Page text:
I was asked to write a few words about Robert Cord, and it is my honor to do so. I had the privilege of knowing Robert (“Bob”) Cord on several levels: first as my professor for his Constitutional Law class and his Law Personal Morality class in 1987 and 1988; then as his law clerk after graduating from Northeastern and again my first summer after law school; and for the years thereafter, as his friend.

Bob was a respected scholar, known for his books Separation of Church and State (1982), and Protest, Dissent and The Supreme Court (1971), the second book which particularly resonated with me when I read it as a college student (I still have both of those books). While he was quite famous as an expert on the Establishment Clause and the Separation of Church and State, his true love was teaching. He often shared with me that beyond the accolades for his writing and expertise (including being cited by Justice William Rehnquist in his dissent in Wallace v. Jaffree (1985), as well as being cited in numerous law review articles, congressional hearings, etc.), his proudest recognition was receiving Northeastern’s Excellence in Teaching Award in 1990 after being nominated by his students.

Bob was known as a very tough professor, and for anyone thinking about law school, his Constitutional Law class was a must. To be a student in Bob’s Constitutional Law class was to immediately experience the famous Socratic teaching style used in law school. To be in that particular class, you had to first sign a pledge to have no more than a few unexcused absences or he would give you a failing grade, then you had to agree to expose yourself to his Socratic teaching style. Once, after he picked me to do a case summary in class and questioned me for what seemed like an eternity, he commented that I seemed to be enjoying the Socratic interaction too much, to which I responded that I did in fact find the experience enjoyable. My fellow students chuckled, and his response, with a smirk, was, “Mr. Nathanson, you are truly ruining the sadist/masochistic relationship I strive to have.” I took that as a compliment, and I credit Bob as one of the main reasons I went on to law school and became an attorney.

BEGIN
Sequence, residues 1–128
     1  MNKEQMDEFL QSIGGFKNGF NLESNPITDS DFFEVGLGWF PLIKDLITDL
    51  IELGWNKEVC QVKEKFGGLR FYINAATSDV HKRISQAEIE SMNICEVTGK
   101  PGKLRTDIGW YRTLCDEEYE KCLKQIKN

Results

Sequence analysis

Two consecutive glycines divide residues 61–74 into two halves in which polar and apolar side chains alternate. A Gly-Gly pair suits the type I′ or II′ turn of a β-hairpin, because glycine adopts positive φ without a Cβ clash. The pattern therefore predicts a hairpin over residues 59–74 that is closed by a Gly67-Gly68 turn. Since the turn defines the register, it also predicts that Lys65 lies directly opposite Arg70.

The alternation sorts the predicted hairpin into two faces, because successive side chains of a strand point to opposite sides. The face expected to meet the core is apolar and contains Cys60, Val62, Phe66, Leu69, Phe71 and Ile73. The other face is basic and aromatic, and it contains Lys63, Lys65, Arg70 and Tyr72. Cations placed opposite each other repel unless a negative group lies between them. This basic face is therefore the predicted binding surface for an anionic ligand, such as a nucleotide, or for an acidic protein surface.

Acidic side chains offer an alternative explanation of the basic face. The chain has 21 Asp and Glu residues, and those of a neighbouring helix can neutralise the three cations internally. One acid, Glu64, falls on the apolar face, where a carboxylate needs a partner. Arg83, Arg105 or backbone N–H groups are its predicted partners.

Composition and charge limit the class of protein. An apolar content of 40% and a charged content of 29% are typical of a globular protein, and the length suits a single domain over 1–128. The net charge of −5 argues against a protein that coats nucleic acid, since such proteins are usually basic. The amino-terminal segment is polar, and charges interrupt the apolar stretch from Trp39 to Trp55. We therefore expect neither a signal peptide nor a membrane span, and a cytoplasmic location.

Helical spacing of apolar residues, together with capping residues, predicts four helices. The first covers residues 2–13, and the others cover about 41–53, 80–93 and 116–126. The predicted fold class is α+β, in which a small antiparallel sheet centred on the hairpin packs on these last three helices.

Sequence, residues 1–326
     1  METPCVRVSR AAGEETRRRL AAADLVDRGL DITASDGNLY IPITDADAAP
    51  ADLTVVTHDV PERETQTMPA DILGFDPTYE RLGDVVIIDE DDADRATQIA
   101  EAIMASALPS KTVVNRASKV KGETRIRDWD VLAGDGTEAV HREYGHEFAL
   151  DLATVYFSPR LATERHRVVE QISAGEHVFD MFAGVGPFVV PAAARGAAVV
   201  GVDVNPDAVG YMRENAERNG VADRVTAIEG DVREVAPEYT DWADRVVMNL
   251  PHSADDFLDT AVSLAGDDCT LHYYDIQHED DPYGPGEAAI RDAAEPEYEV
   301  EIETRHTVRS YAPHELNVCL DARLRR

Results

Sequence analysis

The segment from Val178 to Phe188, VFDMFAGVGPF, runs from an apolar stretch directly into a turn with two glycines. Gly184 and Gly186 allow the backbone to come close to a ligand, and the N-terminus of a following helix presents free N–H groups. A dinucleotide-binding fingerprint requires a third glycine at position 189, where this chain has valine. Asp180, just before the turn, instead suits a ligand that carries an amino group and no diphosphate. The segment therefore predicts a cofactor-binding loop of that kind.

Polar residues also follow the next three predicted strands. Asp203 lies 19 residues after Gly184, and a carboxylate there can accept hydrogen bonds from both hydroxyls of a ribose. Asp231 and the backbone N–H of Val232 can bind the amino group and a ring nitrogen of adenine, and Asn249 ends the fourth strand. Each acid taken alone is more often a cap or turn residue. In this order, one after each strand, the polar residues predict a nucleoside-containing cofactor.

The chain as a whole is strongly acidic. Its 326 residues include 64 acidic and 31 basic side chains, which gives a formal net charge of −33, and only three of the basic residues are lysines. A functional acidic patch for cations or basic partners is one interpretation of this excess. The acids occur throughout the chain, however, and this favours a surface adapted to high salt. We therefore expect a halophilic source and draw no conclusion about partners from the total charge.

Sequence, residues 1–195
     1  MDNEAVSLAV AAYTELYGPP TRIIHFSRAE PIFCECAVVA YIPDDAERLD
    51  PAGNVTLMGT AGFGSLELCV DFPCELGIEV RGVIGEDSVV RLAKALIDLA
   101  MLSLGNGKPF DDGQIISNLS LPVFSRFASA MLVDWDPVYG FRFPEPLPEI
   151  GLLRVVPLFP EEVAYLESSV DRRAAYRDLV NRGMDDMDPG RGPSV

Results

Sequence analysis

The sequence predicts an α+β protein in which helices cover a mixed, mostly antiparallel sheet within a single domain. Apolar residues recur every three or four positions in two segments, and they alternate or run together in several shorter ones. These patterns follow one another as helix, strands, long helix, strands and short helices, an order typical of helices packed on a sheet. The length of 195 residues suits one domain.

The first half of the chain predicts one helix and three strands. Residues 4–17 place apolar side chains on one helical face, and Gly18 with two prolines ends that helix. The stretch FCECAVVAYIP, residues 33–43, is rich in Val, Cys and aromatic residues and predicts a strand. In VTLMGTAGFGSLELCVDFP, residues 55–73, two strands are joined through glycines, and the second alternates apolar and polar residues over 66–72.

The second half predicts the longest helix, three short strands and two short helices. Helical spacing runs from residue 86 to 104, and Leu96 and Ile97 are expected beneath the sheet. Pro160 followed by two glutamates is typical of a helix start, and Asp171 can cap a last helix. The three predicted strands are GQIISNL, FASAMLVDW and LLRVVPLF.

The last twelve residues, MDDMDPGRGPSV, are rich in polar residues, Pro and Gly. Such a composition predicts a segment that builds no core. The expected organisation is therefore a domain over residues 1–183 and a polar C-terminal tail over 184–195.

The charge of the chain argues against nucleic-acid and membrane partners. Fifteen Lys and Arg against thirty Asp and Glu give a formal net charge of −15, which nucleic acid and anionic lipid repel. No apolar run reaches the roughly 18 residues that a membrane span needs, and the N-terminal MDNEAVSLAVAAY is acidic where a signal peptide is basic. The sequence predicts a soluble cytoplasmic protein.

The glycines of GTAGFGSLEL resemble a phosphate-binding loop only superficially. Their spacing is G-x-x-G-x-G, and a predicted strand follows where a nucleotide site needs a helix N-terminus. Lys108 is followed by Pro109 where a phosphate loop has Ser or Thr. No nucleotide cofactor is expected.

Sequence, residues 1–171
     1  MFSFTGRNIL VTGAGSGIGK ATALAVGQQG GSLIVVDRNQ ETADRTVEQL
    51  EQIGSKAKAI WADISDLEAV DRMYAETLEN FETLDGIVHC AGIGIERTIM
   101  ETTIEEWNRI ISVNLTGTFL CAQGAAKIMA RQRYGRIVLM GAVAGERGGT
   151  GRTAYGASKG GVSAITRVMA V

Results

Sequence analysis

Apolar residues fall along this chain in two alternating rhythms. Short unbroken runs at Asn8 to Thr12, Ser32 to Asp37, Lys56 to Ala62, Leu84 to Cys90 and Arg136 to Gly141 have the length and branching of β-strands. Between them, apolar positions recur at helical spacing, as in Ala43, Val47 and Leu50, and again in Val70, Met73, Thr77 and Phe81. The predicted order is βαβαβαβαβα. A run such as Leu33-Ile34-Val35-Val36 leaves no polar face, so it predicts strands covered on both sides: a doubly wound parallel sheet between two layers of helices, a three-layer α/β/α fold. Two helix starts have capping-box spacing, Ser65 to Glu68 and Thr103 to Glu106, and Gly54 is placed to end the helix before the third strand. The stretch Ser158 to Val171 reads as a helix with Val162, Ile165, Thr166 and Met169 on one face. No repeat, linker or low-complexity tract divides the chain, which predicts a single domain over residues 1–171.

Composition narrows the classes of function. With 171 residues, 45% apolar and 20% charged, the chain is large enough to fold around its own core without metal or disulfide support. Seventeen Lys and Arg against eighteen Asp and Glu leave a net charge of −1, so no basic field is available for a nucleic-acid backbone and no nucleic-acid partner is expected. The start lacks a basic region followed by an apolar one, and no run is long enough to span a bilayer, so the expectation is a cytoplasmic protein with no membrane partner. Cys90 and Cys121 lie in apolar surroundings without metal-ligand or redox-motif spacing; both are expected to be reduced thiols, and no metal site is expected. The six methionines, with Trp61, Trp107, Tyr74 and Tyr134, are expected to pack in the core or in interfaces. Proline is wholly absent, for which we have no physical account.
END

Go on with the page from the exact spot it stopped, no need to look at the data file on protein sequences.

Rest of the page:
When I got accepted to law school, I immediately went to share the news with him at his office. He closed his door, reached into the bottom drawer of his desk, and took out a bottle of 15-year-old Macallan scotch. At that point in my college career, I knew nothing about what good scotch was, let alone that you sipped it. (My college experience to that point had been indulging in beer and shots of liquor). So after he toasted my law school acceptance, I sucked back the glass. His eyes went wide, and he asked me what I was doing? I explained I thought you drank scotch like that, to which he responded a bit annoyed, “No, you sip it so you can enjoy it—so you’ll have to have another glass the correct way.” Several glasses later, I was hooked on good scotch thanks to Bob.

Working as a law clerk for Bob while he wrote several law review articles meant spending hours upon hours in the archives at the Boston Public Library and Harvard University. There I researched journals and letters written by Thomas Jefferson and John Adams, their views of church state separation, and lengthy conversations about those same writings. But that role and his friendship also exposed me to the tenets that were important to Bob: being ethical, finding ways to give back to your community, keeping your word, working hard. My years of charity work and serving on the Board of the Ethics Committee for the Massachusetts Real Estate Bar Association are directly attributable to Bob’s influence.

It was tough for Bob to retire from teaching due to his medical issues in 1996 but he loved reconnecting with students and kept in close contact with many of them long after they graduated and long after he finished teaching. I consider myself to be one of those lucky individuals.